Thursday, January 20, 2000
The Camper in the Ark
Dear G. U. C. I. Staff:
One of the things I enjoy most at camp each summer is teaching the Machon program. Machonikim are first-year counselors, experiencing, observing, and learning about counseling techniques, child development, and program planning. Almost all of them have had camper years either here or in other camps upon which to draw memories. I’ve learned how important it can be to remember those mentors we admire in our lives, identify what exactly they did to create such positive impressions on us, and emulate those good qualities. Of course, the opposite is also valuable, to identify those we hold in low regard, examine why that is the case, and try to avoid incorporating those characteristics in our work and relationships. Machonikim are fresh, usually excited about the work, eager to share their ideas, open to suggestions. They stoke my camping fire.
When we speak of remembering those who have the most positive Jewish impacts on our lives, I can’t help but remember my camp rabbi, Rabbi Ernst Lorge. I’ve written to you about him. He was a pioneer in our camping movement. I worked with him for many summers at our camp in Oconomowoc, Wisconsin. He was a hard-nosed, yet compassionate Rabbi who never failed to amaze my cabins with late-night, lights-out stories of his experiences as a chaplain in Europe during the Second World War. As Olin-Sang-Ruby turns fifty, I’ve been thinking about some of my early experiences as a camper and staff member there.
All counselors have favorite camper stories. Not stories about favorite campers. I mean outrageous stories about strange campers. I have mine as well. In one of my cabins in 1964, I had the dubious pleasure of caring for Robbie S. (name withheld upon request…. my request). Robbie was actually a nice boy who did pretty well at camp except for one minor quirk. Robbie liked to hide. Almost every day we had to stop at least one activity and search for him. Once we found him it was right back to whatever we were doing. Robbie usually hid in the outdoor broom closet behind the Bayit, the main building of the camp. It had kind of latch on the door that closed itself and couldn’t be opened from the inside, so if someone went in and let the door close behind them, they had to yell for someone else to open the door. Robbie never yelled. He liked it in there. It was the first place I always checked whenever my Co-counselor Don or I realized Robbie was missing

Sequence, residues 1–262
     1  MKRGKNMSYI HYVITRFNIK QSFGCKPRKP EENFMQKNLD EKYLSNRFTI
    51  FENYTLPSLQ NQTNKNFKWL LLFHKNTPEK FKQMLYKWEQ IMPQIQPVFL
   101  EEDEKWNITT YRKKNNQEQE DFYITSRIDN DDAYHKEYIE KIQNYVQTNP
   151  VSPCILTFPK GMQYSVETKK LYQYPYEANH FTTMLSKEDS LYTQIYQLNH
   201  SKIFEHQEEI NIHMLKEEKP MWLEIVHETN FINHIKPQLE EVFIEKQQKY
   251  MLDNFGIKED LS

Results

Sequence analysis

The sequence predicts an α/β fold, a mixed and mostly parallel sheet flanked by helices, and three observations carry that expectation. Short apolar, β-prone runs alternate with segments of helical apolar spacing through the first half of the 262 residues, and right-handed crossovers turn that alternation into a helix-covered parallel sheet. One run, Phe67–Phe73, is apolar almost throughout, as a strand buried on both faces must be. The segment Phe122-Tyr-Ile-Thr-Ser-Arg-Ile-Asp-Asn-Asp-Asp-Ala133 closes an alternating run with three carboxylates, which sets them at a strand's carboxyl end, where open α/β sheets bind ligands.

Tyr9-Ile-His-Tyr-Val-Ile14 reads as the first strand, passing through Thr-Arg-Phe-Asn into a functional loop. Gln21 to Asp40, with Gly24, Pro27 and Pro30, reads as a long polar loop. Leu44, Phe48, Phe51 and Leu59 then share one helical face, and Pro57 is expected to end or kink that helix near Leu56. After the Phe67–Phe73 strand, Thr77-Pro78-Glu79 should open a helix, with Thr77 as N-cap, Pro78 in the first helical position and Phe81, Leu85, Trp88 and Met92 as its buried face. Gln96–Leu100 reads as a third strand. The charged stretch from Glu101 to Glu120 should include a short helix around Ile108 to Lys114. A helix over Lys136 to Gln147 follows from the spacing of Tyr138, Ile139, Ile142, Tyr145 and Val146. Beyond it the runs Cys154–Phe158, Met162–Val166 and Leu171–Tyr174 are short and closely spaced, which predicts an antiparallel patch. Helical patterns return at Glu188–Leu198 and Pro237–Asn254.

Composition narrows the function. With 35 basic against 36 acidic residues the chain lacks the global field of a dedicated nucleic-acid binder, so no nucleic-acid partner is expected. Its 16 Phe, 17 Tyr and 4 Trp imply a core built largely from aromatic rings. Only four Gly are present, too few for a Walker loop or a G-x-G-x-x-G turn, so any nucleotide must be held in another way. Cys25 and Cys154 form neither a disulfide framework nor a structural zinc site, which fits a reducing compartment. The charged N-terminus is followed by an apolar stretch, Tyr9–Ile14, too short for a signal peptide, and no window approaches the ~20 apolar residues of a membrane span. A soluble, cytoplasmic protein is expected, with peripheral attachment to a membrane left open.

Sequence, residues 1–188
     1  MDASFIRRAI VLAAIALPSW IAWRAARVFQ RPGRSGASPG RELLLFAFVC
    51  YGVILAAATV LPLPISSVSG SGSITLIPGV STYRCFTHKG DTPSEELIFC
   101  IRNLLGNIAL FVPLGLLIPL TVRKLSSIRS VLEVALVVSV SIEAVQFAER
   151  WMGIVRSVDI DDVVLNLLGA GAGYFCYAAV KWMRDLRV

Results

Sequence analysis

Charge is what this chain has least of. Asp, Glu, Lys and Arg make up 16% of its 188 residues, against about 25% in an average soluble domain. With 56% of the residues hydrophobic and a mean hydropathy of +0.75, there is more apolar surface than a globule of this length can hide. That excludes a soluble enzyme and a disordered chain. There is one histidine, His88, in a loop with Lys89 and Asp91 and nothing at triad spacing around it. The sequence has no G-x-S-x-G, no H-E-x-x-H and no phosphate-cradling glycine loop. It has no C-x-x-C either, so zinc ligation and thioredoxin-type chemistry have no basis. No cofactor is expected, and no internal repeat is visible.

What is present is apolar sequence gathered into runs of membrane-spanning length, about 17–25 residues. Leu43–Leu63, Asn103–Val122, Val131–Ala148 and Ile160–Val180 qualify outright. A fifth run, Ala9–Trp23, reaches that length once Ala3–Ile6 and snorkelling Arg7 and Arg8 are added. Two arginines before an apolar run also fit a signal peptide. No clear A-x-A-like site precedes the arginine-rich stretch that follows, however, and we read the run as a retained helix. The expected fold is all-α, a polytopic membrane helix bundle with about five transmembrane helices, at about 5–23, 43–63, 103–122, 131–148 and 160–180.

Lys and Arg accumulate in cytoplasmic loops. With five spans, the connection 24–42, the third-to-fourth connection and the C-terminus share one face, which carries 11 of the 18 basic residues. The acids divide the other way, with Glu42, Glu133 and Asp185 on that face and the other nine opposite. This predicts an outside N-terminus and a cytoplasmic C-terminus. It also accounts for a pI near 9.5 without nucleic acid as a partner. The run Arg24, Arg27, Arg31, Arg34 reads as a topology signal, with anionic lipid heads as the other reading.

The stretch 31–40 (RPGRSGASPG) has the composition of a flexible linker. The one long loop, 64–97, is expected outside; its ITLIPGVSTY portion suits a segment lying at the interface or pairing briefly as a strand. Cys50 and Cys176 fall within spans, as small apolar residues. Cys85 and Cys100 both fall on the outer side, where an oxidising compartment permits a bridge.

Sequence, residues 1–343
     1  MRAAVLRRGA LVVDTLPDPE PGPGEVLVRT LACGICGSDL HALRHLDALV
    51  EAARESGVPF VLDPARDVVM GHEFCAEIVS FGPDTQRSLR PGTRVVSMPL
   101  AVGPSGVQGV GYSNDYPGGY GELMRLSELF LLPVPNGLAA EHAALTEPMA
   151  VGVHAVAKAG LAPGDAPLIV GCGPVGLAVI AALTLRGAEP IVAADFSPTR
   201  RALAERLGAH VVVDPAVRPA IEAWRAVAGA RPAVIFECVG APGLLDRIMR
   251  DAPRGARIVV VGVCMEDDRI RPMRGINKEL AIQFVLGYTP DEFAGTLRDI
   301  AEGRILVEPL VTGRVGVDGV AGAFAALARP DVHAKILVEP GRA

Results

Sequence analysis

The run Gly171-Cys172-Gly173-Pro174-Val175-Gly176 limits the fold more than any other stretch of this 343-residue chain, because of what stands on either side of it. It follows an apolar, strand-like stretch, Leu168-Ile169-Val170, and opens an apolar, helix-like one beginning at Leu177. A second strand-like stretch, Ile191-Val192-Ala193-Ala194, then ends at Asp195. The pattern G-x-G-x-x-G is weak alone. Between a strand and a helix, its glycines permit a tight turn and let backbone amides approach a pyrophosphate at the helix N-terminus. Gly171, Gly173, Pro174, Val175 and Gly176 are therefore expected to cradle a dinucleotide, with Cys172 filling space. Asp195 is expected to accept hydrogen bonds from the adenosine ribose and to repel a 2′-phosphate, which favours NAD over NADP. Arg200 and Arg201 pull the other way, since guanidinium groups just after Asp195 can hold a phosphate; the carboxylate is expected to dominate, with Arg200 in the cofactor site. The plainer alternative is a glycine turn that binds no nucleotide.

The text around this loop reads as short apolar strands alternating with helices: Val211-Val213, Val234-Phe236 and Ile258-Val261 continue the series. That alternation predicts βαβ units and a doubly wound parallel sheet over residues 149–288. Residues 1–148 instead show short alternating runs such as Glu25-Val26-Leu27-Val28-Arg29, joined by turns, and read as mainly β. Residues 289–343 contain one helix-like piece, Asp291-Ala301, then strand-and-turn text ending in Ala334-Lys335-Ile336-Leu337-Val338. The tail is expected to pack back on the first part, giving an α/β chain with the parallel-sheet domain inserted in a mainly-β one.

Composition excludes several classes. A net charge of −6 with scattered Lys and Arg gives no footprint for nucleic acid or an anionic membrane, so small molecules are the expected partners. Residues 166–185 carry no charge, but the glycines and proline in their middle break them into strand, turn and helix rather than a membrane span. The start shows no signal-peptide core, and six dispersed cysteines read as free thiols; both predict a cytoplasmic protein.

One Shabbat morning we had all slept a little late, as was the custom. Seeing that Robbie was missing, Don, my Co, went to check the broom closet while the other boys in the cabin and I made our way to Shabbat T’fillot with the rest of the camp in the outdoor chapel.
The service began and proceeded. Rabbi Lorge, was conducting the service. Rabbi Lorge was a pretty serious, no-nonsense, Old World rabbi. He spoke with a German accent. He was a great, old-school, Reform Rabbi. He was, after all, one of the founding rabbis of U.A.H.C. camping. We all rose as he turned to open the wood-crafted ark for the Torah service; and were astounded to see my camper, Robbie S. seated, curled up, next to the Torah, IN THE ARK! What Rabbi Lorge did then was beautiful. With one hand he removed the Torah from the ark, and held the other hand out to Robbie, inviting him to join the rabbi in blessing the Torah. It was as if it was a natural thing for Rabbi Lorge to find a camper in the ark. Like, it happened all the time. (I thought I was going to die)
Robbie smiled and came to sit by one of his friends when the Torah was placed on the lectern for the reading. And Rabbi Lorge never said a word to me about finding Robbie there. But, anyone’s natural reaction to finding a child in the ark might have been a raised voice and wagging finger, or at least a “What’s going on here look?” I remember most clearly Rabbi Lorge’s outstretched hand, inviting, compassionate, understanding. Therein lies the lesson.
Needless to say, I kept a keen eye on Robbie for the rest of the session.